Danny m. goldberg, CISA,
CgeIT, CCSA, CIA, CPA, is
the professional development
practice director at Sunera,
an international corporate
governance, risk management
and regulatory compliance
firm. Prior to joining Sunera
in January 2011, he founded
SOFT GRC, an advisory
services and professional
development firm. Goldberg
has more than 13 years
of audit experience in the
Dallas and Fort Worth, Texas,
USA, area, including five as a
chief audit executive/
audit director at two diverse
companies. He has the rare
experience of leading or
being an integral part of
year-one US Sarbanes-Oxley
Act compliance efforts at
three companies. Additionally,
he has assisted in leading
the establishment of three
Communication—The Missing Piece
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Career progression in any field is dependent on
many factors, including skill and experience and,
often, being in the right place at the right time.
In the audit and risk management profession,
there are many high-quality people vying for
the same roles. Additionally, the progression of
many managers up the proverbial audit ladder
is stymied due to one significant distinguishing
factor: communication skills.
In the IT audit world, some security and IT
auditors tend to use fear, uncertainty and doubt
as methods of enforcement. When speaking to
nontechnically oriented team members, it is easy
to generate fear, which may inadvertently lead
to rumors that can damage the credibility of the
auditors and/or the audit departments. Such
negative methods by auditors will not contribute
to success in building long-term relationships
For auditors, the focus is on oral and written
communication. To be successful, auditors must
establish face-to-face relationships with auditees
and develop a level of trust. Furthermore,
complete and accurate work papers in addition
to compelling audit reports are important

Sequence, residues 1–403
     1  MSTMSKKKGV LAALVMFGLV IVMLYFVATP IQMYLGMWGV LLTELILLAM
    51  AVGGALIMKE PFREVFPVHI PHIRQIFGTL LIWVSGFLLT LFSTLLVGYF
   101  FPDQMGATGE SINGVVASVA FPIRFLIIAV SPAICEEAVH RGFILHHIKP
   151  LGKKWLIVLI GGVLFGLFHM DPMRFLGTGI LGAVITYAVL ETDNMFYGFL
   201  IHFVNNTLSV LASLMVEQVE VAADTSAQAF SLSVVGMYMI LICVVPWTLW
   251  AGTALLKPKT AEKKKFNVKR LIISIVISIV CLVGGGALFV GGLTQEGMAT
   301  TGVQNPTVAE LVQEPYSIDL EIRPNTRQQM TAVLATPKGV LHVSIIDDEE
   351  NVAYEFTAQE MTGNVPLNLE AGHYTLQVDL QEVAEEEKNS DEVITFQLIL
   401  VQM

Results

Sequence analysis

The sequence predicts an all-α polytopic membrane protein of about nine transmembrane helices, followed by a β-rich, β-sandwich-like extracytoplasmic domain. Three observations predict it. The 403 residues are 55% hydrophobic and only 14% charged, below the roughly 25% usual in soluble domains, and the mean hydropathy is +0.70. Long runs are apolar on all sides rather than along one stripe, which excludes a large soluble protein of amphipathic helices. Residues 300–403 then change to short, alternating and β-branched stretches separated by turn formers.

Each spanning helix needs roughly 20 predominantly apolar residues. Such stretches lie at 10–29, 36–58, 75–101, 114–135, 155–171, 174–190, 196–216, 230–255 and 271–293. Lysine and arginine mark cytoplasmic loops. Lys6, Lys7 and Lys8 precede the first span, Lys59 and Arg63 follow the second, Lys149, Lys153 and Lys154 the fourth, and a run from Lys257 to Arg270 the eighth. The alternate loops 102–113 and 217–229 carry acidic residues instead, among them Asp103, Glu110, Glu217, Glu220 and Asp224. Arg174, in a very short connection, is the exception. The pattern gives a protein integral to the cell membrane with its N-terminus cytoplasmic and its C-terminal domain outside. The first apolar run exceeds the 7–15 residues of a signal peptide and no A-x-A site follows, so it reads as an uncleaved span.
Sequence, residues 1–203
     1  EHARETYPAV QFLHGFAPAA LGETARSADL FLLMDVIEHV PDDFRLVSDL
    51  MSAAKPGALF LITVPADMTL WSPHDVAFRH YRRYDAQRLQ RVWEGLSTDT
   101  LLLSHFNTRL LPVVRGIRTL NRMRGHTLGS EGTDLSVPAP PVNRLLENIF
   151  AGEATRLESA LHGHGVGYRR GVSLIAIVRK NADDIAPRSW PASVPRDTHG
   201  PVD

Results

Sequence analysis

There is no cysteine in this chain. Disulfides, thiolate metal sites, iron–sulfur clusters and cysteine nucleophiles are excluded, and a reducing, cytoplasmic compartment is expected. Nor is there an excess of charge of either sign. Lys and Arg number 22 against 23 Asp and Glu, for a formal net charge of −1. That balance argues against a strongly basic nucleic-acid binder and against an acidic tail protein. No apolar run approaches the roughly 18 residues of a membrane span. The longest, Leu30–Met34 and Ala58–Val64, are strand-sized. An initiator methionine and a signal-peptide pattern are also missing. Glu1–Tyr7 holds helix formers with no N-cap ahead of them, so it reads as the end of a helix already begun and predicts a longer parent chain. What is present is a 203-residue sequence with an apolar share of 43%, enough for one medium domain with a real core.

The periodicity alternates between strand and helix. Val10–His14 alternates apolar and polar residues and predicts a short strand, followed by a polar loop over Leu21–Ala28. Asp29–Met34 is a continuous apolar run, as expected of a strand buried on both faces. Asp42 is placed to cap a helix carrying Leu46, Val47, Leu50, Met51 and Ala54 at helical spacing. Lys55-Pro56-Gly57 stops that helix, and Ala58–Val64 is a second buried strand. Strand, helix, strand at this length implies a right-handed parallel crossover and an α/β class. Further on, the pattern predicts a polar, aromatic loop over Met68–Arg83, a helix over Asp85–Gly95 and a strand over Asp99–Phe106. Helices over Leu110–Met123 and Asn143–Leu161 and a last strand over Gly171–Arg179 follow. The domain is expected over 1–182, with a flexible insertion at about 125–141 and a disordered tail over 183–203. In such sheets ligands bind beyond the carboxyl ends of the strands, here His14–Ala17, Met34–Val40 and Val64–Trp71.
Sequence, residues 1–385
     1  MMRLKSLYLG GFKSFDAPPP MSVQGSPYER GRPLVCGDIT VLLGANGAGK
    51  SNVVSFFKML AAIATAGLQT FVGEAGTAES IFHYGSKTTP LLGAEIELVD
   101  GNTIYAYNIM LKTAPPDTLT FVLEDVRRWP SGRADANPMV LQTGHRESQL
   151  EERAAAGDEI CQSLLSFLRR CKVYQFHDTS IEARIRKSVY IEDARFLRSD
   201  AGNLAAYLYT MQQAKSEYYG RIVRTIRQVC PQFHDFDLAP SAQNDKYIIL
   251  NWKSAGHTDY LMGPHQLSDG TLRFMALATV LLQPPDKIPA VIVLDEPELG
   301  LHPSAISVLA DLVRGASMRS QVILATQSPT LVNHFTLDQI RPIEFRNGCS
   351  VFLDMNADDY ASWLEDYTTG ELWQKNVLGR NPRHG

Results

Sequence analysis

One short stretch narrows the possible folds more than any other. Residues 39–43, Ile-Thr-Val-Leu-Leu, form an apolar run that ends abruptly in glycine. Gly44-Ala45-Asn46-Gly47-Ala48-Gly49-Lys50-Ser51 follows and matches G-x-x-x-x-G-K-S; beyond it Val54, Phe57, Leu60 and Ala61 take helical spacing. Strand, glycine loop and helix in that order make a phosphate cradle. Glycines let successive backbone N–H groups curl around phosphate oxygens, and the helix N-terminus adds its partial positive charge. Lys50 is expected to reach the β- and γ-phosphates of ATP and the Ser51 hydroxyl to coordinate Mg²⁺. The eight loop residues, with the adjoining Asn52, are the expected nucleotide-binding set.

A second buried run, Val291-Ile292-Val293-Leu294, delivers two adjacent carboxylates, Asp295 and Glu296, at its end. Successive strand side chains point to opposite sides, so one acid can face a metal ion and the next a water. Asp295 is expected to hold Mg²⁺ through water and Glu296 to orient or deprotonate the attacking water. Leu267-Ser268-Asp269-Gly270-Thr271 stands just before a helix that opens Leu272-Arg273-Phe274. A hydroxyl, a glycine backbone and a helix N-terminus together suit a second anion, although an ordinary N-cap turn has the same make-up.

throughout the audit process.
Auditing skills and ability are extremely
important; however, without a high level of
communication, all ability is for naught. It has
been said that interpersonal skills are more
important than auditing skills in this profession. 1
Internal audit is comparable to the sales group
inside an organization, in that audit must
constantly sell its value and role. The need for
auditors to constantly sell their value highlights
the importance of refined communication
skills. Some best practices and key areas of
• The 7 C’s of communication
• Mode of communication
THe 7 C’S OF COmmunICATIOn
Communication, via emails, meetings, phone
conversations and instant messaging, for example,
is the foundation of all business. The 7 C’s of
communication provide a checklist for making
sure that all forms of communication, including
meetings, emails, conference calls, reports and
presentations, are well constructed and clear.
The 7 C’s of communication are: 2
1. Clarity/coherence—This may seem obvious,
but clear and coherent communication is not
as easy as it seems. Communication should
be focused—with no question about the
intention or the objective. Irrelevance should
be eliminated, and logic must be embraced.
2. Concise—Many people are familiar with
people who like to use long words and
sentences to project intelligence, often
producing the opposite effect. The elimination
of space killers and a focus on useful words is
key. Concise communication keeps audiences
engaged and interested.
3. Complete/correct—Communication is a fine
art; it is important to paint a complete picture so
that all facts and circumstances are understood.
Communication should be accurate and honest.
It is okay for people to admit that they do not
know something—admit it, attempt to find the
answer and move forward.
4. Captivating—Communication must be
interesting and engaging at all times.
Comprehension and listening significantly
decrease if people do not see how they are
personally involved in the communication.
Compelling language that encourages action
should be utlized. This commands more
attention and better responses.
5. Conversational—An adult’s comprehension
tends to decrease significantly (during training)
when a speaker talks to the audience rather
than with the audience. People must be
engaged and feel comfortable enough to speak
their mind. It is important to personalize each
experience and make each individual connect.